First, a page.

"I have probably picked up 300 words already. I would guess in the next [few] months I'll be pretty fluent."

At which point he might be ready to meet his mother. "She is in Pusan," he said. "She is in the area where I was lost."

He said, "She contacted my father. I actually know where she is. I am waiting for the right time now … she is hesitant. She is re-married.

"I am not sure she has disclosed being married previously, having lost a child, all that stuff. She wants to keep it under wraps. I want to learn the language," he said, "and meet her one-on-one."

Toby Dawson and the promise of hope

DURBAN, South Africa -- Pyeongchang's winning sales pitch here Wednesday for the 2018 Winter Olympics  included the likes of South Korean president Myung Bak Lee,  2010 Vancouver figure skating gold medalist Yuna Kim and a 32-year-old guy whose story speaks to the best of what the Olympic movement can be. "My name is Toby Dawson,"  the 32-year-old guy told the members of the International Olympic Committee.

"My name is also Kim Bong Seok," he went on to say.

"I am a freestyle skier and I am an Olympian.

"I am a Korean by birth. Yet I am also an American."

In a presentation that bridged cultures and spoke to the core of the Olympic values, Dawson all but stole the show.

The entire Pyeongchang presentation was obviously impressive; after falling short in two prior bids for 2010 and 2014, they finally broke through for 2018, winning in the first round over Munich and Annecy, France. The vote totals: 63 for Pyeongchang, 25 for Munich, seven for Annecy.

Dawson's appearance had been a closely held secret. When he took to the lectern, he spoke with clarity and confidence about the essence of the thing that sustains not just sport but, indeed, life.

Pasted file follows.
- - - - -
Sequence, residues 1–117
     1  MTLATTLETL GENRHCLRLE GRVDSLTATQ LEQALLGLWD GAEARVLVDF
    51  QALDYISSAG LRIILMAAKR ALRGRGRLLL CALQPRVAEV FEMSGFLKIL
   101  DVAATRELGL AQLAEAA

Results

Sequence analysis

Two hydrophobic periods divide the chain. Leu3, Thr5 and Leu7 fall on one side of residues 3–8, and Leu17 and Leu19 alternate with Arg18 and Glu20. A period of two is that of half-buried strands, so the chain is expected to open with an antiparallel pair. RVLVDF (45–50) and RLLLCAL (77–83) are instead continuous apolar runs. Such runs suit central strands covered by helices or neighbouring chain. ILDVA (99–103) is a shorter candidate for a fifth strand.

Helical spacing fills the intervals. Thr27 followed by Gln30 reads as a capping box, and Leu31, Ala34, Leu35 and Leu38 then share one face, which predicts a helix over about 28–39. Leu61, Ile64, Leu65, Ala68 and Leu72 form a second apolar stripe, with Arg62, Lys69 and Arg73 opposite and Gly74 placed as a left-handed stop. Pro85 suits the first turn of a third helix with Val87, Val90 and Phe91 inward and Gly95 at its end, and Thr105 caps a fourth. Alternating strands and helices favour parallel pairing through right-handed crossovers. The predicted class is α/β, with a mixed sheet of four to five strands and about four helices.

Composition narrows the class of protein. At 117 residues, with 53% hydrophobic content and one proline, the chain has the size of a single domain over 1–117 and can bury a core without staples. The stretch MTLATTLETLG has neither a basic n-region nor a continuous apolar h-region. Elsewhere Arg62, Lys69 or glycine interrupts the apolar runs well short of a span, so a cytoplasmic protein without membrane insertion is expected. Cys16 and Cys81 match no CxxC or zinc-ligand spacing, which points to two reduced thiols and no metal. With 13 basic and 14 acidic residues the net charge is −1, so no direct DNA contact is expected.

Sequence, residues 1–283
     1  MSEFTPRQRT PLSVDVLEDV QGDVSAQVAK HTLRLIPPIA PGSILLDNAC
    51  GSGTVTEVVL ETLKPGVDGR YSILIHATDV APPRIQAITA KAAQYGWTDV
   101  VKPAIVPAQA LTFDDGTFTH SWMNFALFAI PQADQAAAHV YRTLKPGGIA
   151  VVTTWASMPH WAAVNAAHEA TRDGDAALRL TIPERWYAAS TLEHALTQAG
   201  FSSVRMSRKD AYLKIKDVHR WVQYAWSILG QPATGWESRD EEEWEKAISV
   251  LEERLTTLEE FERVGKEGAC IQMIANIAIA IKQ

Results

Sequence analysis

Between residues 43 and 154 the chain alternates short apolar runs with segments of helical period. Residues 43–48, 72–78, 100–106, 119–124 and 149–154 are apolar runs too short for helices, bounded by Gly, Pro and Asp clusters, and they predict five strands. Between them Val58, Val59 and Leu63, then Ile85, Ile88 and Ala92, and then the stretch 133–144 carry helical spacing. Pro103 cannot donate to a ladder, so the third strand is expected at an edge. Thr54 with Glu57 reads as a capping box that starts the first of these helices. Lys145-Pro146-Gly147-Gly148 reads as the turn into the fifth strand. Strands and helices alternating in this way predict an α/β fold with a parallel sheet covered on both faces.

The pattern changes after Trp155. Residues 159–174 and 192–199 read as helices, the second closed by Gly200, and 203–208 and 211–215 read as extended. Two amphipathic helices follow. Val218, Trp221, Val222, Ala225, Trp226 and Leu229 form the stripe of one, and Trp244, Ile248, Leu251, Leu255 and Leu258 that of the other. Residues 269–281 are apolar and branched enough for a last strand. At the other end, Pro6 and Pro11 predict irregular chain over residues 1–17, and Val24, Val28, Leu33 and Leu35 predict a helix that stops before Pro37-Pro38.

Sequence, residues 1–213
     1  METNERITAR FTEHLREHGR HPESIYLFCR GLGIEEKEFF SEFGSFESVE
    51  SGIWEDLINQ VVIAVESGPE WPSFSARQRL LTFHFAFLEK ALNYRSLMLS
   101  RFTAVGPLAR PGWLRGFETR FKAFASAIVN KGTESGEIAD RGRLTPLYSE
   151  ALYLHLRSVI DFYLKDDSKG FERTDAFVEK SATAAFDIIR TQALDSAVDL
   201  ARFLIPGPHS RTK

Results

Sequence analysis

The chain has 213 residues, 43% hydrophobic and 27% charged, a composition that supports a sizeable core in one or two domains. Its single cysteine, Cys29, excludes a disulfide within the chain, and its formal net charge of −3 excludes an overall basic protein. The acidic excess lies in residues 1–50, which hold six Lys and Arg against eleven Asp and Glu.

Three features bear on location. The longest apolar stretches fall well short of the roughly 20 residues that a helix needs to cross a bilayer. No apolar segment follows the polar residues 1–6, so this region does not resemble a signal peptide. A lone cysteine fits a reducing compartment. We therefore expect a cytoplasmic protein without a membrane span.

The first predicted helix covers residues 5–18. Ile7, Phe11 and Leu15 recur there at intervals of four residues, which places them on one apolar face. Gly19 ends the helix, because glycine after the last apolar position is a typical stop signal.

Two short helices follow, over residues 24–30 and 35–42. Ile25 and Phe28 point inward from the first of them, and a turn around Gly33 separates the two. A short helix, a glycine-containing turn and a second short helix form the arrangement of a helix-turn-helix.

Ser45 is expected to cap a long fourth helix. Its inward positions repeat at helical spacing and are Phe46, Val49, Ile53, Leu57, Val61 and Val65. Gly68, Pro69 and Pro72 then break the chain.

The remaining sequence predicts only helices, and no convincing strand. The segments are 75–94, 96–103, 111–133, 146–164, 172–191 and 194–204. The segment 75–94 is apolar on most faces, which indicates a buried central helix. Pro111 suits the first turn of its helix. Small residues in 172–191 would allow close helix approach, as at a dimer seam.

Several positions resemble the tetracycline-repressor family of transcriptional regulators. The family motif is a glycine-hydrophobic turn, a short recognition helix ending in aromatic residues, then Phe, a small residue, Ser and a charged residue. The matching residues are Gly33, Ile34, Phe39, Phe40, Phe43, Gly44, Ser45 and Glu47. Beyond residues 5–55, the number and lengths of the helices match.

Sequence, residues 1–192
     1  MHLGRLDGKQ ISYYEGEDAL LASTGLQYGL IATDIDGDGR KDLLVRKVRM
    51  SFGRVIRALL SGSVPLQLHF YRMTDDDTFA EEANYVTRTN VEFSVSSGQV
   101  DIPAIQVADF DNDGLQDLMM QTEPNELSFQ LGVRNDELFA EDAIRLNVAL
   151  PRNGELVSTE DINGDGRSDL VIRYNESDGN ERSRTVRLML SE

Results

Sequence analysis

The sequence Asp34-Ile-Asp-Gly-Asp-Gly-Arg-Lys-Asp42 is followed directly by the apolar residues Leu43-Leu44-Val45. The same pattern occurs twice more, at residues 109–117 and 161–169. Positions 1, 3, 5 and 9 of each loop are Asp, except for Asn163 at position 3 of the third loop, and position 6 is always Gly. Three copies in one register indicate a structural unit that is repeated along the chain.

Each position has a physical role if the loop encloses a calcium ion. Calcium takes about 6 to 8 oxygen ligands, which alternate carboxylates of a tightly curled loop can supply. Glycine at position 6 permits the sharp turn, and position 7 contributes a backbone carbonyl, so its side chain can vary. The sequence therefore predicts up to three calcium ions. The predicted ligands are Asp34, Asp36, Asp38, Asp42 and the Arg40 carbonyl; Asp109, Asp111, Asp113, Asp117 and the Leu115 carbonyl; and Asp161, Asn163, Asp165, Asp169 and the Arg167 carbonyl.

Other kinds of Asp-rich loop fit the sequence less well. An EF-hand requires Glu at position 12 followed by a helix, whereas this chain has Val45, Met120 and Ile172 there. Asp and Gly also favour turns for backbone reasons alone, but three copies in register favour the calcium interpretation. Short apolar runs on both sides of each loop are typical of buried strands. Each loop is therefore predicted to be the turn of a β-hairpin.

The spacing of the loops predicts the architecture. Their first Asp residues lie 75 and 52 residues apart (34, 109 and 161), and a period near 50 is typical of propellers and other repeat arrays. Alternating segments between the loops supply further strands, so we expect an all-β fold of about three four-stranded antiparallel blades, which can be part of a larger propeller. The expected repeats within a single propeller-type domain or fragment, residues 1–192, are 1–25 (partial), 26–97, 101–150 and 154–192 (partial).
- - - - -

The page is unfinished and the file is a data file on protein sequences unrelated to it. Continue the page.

Hope is real. Toby Dawson is living proof.

"It was nerve-wracking, absolutely nerve-wracking," he said just moments after walking off the stage. "But I thought I had a great story to tell."

Not even 3, little Kim Bog Seok had been abandoned on the doorstep of a police station in Pusan, in the far south of Korea. He spent six months in an orphanage; there he was given he name Soo Chul.

In time, he was adopted by a pair of American ski instructors, Mike and Deborah Dawson, who brought him to a new life in Vail, Colo.

Little Toby was on skis early. He soon became not just a great moguls skier but known as a showman, too. As time went on, he won or earned medals at virtually every level -- the U.S. championships, World Cups, world championships.

All that remained was the Olympics. But he didn't make the 2002 team. In 2004 he broke his leg. In 2005 he sprained knee ligaments. But in 2006 he regrouped and in Torino he seized the moment, winning bronze.